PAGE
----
Great news: tradesmen can earn up to six times the average wage!
Take the news with a pinch of salt though: it’s according to the Daily Mail.
In her most recent ‘Sarah Vine’, journalist Sarah Vine gave the good news that many “electricians, plumbers and plasterers are among the highest-paid workers in the country, with some earning more than £150,000 a year.”
We are sure that many people will greet the news with smug satisfaction, particularly newly-qualified sparkies who “can easily make £1,500 a week.”
Ok, we’re being harsh. Still, it’s no big shocker that tradies can earn a lot more than some people might think. According to the National Careers Service website, for example, a carpenter can earn over £40,000 a year, while an electrician can earn over £42,000.
Still, Sarah’s piece is empowering, if a bit weirdly sexist.
“There was a time, of course, when every home had its own live-in handyman,” she wrote. “He was known as ‘the husband’. The quality of the work wasn’t always perfect, and he did require a certain amount of nagging and strong tea; but it at least meant that a blocked sink or a broken Hoover wasn’t the end of the world.
“But most modern husbands, mine included, are far more likely to be found building a LEGO Death Star spaceship at the weekend with the children than repointing the garden wall.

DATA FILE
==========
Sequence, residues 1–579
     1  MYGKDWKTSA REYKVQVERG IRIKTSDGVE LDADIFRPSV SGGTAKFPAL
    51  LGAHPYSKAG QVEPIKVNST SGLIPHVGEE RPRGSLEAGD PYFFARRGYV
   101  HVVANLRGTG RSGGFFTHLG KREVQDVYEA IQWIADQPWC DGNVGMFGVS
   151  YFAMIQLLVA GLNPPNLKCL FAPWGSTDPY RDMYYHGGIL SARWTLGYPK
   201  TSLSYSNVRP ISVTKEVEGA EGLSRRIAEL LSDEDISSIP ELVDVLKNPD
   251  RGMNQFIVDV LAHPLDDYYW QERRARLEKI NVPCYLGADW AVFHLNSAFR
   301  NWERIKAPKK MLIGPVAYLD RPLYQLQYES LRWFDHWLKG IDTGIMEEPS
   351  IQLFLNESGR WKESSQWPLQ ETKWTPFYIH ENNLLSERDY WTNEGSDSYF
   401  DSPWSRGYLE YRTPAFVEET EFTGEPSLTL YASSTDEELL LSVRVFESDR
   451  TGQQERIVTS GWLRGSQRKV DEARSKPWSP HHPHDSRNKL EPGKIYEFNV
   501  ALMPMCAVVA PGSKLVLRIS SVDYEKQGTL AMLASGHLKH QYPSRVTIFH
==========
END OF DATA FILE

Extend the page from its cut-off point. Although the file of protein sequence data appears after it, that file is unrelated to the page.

“Hence the rising salaries in the manual labour market — and the boom in websites such as Task-Rabbit, where helpless wives can find handymen for all sorts of niggling jobs, from fixing a wobbly shelf to sorting out a patch of damp.”
Umm, perhaps? She does also make the fair point, however, that far more people are opting for university educations these days, rather than learning a trade.
“Since the Eighties, governments have embraced unquestioningly the notion of expanding university provision. In 2002, Tony Blair promised to get half of all young people into university and numbers have risen steadily ever since.”
It’s true that trade skills are extremely valuable to have, especially once you leave home.
It’s also true that it is important to let young people know about the potential that comes with entering a trade profession. Responding to internet-pariah Hetty Douglas’s mocking post on four of its workers, GKR Scaffolding said: "Our scaffolders have worked as part of construction teams that built The Shard, are reconstructing Tottenham Hotspur's new stadium, and renovating The Royal Opera House and the Royal Albert Hall.”
Well Sarah Vine, it’s absolutely true that children should aspire to “plumbers, builders and electricians”, or, indeed, anything they want to be. We live in an age where kids can grow up to pursue university or make an enviable wage as a trade professional.
Surely that’s a win-win?